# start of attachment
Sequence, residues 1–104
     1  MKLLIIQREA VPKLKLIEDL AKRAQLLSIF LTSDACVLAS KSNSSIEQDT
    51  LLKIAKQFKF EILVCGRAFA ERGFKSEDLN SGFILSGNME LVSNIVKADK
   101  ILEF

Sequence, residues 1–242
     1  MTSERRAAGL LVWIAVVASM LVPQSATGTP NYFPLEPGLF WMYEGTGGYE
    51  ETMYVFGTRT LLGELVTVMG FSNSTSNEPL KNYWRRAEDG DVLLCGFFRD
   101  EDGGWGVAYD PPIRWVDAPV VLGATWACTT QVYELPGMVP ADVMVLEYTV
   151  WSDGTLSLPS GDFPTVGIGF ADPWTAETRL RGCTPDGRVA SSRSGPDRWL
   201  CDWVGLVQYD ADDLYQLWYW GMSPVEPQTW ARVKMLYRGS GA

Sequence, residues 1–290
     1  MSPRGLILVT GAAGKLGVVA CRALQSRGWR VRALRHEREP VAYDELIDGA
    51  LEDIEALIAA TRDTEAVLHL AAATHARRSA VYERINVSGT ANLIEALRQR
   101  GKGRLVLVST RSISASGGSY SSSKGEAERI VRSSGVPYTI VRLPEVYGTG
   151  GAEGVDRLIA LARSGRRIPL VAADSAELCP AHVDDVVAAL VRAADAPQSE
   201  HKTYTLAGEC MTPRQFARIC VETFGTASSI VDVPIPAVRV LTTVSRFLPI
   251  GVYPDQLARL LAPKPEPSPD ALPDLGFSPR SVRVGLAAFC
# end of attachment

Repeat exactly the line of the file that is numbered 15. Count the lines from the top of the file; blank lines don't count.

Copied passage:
   151  GAEGVDRLIA LARSGRRIPL VAADSAELCP AHVDDVVAAL VRAADAPQSE